Certainly one could say of the plot to this point it requires a fair degree of credulity. And yet these opening scenes are as close as The Box gets to *realism,* as the eccentric script takes one increasingly bizarre turn after another. As Norma and Arthur try to unravel the mystery of Steward and the box, the viewer learns the following:
Steward also worked for NASA on the Viking Mars mission, and while on duty, he was killed when struck by lightning (I beheld Satan as lightning fall from heaven), but, in a rather sinister miracle, he returns from the dead, though with a good portion of his face burned away (and I saw one of his heads as it were wounded to death; and his deadly wound was healed: and all the world wondered after the beast).
Steward now works as a glorified errand boy/messenger for those who brought him back to life, and whom he enigmatically terms his *employers.*
Steward’s *employers* may be from another dimension. . .or from Mars. . .or from Hell. There are clues, I suppose, as to the precise identity of the *employers,* and these clues might seem more obvious upon closer or repeated viewings of The Box, but, to me, IDing the *employers* didn’t seem particularly germane to the spirit of this curious movie.
There are many other lesser *employees* of the *employers,* and, seeming to accord to the degree to which they have become indoctrinated into whatever the *employers* *mission statement* is, they exhibit symptoms ranging from nose bleeds (when they step out of line) to total mind control.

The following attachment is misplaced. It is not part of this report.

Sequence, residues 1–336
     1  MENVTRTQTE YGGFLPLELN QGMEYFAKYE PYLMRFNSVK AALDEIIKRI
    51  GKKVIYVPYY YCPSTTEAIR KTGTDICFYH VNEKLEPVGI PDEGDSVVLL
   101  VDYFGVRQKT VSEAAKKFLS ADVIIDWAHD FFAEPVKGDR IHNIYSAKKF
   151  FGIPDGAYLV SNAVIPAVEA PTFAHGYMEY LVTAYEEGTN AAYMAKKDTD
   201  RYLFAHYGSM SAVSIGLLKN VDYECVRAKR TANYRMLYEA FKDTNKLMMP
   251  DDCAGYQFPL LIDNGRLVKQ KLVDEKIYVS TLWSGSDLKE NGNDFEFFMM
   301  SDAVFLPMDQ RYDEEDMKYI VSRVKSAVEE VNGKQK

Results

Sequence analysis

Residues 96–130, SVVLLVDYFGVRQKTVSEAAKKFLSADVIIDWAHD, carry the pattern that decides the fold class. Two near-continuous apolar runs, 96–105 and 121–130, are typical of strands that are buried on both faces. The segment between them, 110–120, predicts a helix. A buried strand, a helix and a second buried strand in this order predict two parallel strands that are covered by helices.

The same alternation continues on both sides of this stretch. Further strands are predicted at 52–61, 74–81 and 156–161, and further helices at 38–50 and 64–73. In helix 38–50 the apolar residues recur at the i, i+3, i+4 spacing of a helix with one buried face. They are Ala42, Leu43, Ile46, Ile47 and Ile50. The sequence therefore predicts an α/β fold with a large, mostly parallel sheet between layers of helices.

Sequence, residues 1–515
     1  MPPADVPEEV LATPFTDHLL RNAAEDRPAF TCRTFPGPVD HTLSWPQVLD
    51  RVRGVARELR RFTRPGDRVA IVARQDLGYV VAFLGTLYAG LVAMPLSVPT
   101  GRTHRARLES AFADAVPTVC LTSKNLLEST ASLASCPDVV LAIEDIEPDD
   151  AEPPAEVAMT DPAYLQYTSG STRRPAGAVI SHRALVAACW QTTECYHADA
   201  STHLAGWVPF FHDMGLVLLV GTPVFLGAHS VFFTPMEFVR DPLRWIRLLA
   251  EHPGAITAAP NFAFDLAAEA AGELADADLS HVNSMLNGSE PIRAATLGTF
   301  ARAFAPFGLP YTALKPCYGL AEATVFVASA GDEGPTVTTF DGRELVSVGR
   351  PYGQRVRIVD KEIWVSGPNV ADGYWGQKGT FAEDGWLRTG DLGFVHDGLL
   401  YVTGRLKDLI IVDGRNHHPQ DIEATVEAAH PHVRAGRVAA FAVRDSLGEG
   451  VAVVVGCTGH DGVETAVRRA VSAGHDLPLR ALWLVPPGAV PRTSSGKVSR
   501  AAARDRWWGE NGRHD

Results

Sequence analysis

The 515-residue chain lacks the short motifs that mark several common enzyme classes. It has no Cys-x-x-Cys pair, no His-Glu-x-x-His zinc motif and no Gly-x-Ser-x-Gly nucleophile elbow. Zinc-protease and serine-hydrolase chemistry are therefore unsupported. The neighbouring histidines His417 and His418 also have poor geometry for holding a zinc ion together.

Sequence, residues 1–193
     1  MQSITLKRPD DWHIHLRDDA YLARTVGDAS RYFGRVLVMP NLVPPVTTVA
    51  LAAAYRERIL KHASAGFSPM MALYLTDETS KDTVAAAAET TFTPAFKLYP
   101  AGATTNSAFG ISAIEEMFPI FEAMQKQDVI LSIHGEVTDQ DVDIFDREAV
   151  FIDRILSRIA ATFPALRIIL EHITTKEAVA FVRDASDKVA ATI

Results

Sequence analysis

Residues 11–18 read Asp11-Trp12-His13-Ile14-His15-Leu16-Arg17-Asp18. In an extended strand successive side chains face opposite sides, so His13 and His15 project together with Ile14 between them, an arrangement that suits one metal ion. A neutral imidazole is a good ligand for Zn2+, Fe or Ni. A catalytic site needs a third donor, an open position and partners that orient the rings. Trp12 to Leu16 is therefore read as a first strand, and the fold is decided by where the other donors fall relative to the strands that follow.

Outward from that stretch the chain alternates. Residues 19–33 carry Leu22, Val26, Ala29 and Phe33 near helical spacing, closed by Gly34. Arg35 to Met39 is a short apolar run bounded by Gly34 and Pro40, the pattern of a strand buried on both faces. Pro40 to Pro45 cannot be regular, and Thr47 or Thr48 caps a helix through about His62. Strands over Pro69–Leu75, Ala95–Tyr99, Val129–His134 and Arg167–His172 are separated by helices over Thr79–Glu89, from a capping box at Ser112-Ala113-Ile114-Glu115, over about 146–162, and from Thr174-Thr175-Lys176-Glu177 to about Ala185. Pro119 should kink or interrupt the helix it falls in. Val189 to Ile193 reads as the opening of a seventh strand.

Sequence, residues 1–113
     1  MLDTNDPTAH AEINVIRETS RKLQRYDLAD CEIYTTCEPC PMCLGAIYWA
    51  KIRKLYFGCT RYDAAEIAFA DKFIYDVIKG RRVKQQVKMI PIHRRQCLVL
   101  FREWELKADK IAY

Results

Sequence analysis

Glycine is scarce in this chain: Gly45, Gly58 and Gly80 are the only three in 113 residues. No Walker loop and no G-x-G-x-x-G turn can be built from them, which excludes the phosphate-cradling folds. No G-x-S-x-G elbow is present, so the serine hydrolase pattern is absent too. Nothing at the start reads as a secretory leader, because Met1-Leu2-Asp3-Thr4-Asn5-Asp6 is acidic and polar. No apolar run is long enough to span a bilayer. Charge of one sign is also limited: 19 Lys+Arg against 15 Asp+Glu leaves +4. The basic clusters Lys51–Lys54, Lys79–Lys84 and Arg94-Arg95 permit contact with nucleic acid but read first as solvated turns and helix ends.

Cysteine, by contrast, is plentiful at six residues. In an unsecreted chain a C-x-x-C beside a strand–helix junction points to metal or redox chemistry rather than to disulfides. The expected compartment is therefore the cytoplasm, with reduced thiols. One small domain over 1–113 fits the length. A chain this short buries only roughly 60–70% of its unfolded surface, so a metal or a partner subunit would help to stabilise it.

I must also mention the feel-good subplot involving Arthur’s attempt to construct a prosthetic foot for gimpy Norma (and if thy foot offend thee, cut it off: it is better for thee to enter halt into life, than having two feet to be cast into hell, into the fire that never shall be quenched).
Indeed, The Box is thoroughly implausible. . .and yet it is, without doubt, the most realistic American movie of recent memory. No film has better captured the chilling spirit of beguiled America. It depicts Americans undergoing trance-formation, the victims of an unknown power (for we wrestle not against flesh and blood, but against principalities, against powers, against the rulers of the darkness of this world, against spiritual wickedness in high places).
The Box offers an artfully crafted surreal mix of SciFi, horror and metaphysics, yet at heart it presents a simple parable of a people who condone the killing of nameless, faceless others in exchange for material comfort. The Box, quite simply, renders the *American Dream* as gnostic nightmare.
As one observes America choked with ‘Who Would Jesus Bomb?’ patriots willing to push America’s red war button, one must conclude The Box presents America exactly as it is:
A Crypto-Christo Creepshow.
A vastly under-rated film (by both viewers [5.9 on IMDb] and critics [47 on metacritic]).
PS: The Box’s vision isn’t totally bleak, as the movie’s Sophie’s Choice-esque conclusion offers hope for redemption (but, unfortunately, The Box’s soteriology finds no parallel to the gospel).